Click on a picture for a larger version. All pictures were taken by Rich Sauer except for the two satellite views from Google Earth.
Another year has gone by and it was time again for the Sonoma Wings' St. John fly in. The fly in has been held most years for the past 13 years or so. Lately we have been getting a great turnout. This year 28 hang glider flew with about 8 paragliders flying from Potato Hill across the valley. The fly in was scheduled for Friday, Saturday and Sunday, with an out and return task called for Saturday. The other days were just fun flying.
On Saturday the task was an out and return with launch from St. John and lading at Mary’s field. The flex wings had a turn point anywhere north of Alder Springs road and the rigid wings had a turn point at Red Mountain. This gave the flex wings pilots a 37 mile task and the rigids a 48 mile task. On this day our regular driver Linda was not available, but Rich’s daughter Kim was able to do the honors. Thanks Kim.
I like to get to launch early and even so when we arrived at launch there were already 4 or 5 pilots setting up. It seems that they had spent the night on top and did not have to make the drive up the 10 mile dirt road. It's nice camping on the top of the mountain where the temperatures are about 30 degrees cooler and the nights are clear. Rich and I were set up and ready to go by 11:30. The rest of the pilots started trickling in and setting up.
I usually like to launch first, especially if I am trying to go long, but with the short task I decided to let someone else launch first (and the fact that they set up their glider between mine and launch). The first pilot tried to launch at 12:45 and blew their launch. I was amazed that they survived with just a bent down tube. St. John is not a very forgiving place to blow a launch. The area below launch is very sharp lava rocks. After the other glider was moved off to the side I had an easy launch at 1:00, not even taking up the entire ramp for my run, much different than the launches Rich and I had there over the 4th of July holiday.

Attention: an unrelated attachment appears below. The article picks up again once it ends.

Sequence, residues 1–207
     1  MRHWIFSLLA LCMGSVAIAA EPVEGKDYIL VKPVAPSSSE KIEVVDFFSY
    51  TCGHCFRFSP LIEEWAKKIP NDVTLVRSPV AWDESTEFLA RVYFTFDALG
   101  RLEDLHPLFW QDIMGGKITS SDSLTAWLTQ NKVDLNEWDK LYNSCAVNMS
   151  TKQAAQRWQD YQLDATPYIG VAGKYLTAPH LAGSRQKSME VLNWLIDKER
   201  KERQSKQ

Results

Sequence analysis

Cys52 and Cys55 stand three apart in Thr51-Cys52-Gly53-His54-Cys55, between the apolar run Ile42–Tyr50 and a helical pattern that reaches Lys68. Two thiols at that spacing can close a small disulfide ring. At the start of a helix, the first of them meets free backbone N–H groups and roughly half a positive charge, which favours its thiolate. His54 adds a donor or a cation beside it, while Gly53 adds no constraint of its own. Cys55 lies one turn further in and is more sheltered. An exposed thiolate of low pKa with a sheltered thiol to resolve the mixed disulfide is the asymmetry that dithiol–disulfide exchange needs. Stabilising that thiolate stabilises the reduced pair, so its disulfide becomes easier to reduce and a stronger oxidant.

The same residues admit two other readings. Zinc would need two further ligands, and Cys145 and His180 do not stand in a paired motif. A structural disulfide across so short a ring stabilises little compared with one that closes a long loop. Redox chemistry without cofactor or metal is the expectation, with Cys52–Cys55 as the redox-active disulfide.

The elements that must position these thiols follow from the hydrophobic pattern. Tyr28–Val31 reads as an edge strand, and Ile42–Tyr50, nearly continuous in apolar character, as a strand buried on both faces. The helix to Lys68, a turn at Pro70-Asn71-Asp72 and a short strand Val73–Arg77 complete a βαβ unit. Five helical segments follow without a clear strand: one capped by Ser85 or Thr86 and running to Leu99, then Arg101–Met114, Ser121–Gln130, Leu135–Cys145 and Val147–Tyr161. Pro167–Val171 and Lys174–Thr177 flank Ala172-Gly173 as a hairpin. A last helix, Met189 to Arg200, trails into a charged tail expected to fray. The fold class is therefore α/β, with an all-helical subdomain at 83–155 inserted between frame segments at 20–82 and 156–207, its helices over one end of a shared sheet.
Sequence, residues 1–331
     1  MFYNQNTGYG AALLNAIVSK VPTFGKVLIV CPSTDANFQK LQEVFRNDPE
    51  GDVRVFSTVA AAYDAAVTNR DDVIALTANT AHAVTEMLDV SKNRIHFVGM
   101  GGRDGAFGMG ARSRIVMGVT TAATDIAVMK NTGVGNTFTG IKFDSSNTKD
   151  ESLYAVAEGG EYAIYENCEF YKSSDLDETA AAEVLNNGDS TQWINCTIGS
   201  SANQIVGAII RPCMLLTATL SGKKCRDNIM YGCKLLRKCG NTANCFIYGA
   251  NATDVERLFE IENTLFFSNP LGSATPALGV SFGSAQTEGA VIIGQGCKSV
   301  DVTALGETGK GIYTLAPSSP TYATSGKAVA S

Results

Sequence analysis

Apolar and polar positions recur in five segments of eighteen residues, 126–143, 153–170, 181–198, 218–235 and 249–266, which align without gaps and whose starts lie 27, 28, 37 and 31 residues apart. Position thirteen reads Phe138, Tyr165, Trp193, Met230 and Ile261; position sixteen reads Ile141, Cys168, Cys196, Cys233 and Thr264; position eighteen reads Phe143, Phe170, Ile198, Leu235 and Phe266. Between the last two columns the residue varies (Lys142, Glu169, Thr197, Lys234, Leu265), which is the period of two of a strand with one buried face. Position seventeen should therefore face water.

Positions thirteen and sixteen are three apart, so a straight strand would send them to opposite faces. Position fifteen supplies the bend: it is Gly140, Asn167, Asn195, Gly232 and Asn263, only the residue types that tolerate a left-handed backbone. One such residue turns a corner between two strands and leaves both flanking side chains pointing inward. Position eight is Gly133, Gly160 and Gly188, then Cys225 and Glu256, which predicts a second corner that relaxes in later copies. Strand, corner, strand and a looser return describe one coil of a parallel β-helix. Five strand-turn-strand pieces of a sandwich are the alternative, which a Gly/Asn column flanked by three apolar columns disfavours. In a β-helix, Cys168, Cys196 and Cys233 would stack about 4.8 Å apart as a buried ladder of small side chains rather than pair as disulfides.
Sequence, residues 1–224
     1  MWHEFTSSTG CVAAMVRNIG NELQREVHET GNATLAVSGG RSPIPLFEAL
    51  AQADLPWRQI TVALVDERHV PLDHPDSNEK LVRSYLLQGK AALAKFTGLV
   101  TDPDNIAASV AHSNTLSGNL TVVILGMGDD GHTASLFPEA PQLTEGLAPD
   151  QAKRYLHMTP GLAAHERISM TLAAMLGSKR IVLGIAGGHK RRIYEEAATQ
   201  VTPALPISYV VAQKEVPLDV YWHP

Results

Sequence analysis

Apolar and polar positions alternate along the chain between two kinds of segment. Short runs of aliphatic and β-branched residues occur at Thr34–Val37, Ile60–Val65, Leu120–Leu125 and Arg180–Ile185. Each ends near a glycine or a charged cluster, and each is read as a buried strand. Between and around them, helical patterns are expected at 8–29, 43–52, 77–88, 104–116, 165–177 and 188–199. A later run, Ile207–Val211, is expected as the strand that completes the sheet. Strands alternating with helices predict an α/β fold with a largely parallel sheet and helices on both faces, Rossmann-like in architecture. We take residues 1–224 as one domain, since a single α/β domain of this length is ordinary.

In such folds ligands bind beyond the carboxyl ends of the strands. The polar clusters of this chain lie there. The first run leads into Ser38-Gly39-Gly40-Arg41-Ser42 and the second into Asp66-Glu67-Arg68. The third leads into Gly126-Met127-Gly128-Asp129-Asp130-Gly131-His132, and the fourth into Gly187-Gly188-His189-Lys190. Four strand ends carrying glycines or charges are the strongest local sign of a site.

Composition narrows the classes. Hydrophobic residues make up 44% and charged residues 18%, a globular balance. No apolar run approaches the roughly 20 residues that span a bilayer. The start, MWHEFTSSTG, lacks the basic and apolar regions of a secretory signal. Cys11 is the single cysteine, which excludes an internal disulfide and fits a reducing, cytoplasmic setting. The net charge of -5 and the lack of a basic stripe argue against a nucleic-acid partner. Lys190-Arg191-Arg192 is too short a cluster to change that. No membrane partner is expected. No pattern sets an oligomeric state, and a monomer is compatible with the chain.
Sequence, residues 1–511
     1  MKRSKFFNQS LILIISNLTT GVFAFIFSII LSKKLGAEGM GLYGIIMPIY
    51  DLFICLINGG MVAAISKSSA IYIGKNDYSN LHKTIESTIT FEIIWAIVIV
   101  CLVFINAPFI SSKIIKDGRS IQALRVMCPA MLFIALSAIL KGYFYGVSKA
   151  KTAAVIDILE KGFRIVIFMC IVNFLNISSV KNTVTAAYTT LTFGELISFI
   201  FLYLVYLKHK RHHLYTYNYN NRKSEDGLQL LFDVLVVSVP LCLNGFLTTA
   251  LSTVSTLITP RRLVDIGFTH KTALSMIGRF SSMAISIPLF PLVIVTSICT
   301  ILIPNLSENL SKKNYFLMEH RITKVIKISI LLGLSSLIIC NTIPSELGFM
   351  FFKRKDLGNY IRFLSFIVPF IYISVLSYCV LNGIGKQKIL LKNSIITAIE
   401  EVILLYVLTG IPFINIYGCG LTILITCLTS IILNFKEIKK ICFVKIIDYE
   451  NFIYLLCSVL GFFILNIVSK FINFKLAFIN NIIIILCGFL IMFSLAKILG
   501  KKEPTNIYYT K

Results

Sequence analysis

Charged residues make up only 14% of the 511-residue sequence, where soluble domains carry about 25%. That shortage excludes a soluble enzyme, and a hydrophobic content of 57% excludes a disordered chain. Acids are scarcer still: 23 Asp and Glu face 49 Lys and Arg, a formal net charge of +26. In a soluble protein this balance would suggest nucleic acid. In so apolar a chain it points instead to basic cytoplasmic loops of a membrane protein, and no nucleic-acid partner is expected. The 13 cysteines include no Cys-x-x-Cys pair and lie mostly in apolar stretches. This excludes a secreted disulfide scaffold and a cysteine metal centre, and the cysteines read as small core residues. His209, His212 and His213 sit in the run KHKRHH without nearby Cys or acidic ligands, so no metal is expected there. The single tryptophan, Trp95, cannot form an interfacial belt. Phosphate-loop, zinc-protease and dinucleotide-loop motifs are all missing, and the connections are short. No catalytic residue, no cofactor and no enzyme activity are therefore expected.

I climbed up to the left of launch and was soon above 8,000’ over the towers. Rich and Todd launched a few minutes after me. Looking down at them I could not figure out why Rich was climbing so poorly. I found out later he was waiting for pilots to launch so he could get some good pictures, but very few were in much of a hurry. Over the top of the mountain my vario was reading the winds out of the west at 21 mph. This usually means very poor flying conditions. With such strong west winds I wanted to get out on course before conditions deteriorated further. It turned out later that the winds died down and conditions got a little better.
Gilder set up on launch. Note the lava boulders below launch.
Todd, just after launching.
I was on my third thermal over the mountain when I drifted a long way. I was at only 8,300’ when I decided I had to either head out on course, or try to make it back to the mountain. I headed out on course alone. This first glide took me 16.7 miles all the way to the flex wing turn point without any lift. I was down to 2,500’ (about 800’ agl) when I hit my first lift on course, just when I was thinking I might have to land. Rich and Todd left about 20 minutes after me and did not find much lift either.
This picture was taken from the northeast of St. John looking back toward the mountain, which is not usually a direction we fly.